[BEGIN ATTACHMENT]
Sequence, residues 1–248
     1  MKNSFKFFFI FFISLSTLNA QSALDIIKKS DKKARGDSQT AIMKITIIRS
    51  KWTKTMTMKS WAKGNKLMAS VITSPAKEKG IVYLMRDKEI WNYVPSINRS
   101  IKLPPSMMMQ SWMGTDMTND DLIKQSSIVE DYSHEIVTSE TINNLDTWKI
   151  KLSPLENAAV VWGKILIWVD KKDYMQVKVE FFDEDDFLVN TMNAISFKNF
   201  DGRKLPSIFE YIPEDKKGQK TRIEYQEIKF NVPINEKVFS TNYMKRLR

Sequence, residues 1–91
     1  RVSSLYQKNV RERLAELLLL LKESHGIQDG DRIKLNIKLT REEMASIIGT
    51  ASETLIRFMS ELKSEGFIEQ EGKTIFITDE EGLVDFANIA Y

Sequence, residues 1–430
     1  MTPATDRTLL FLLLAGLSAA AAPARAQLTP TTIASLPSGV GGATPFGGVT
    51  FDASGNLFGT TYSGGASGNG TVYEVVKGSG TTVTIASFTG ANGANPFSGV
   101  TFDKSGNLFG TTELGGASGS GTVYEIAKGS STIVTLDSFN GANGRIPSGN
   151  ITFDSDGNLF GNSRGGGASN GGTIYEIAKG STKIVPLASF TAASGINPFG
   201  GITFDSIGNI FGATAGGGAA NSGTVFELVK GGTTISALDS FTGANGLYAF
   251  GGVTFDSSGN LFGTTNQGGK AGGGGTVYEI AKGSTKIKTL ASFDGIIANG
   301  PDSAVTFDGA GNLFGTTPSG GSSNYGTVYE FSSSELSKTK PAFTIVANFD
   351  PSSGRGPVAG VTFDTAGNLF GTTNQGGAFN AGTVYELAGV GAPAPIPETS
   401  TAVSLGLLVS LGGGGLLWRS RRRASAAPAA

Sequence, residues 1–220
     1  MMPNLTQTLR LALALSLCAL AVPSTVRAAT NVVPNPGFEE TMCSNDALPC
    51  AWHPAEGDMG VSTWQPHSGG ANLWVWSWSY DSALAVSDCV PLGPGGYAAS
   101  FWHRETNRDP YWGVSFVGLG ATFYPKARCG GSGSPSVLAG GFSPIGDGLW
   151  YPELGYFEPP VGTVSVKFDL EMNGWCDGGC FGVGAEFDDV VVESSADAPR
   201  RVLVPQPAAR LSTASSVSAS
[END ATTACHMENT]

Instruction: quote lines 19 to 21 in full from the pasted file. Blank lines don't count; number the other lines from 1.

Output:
   401  TAVSLGLLVS LGGGGLLWRS RRRASAAPAA

Sequence, residues 1–220
     1  MMPNLTQTLR LALALSLCAL AVPSTVRAAT NVVPNPGFEE TMCSNDALPC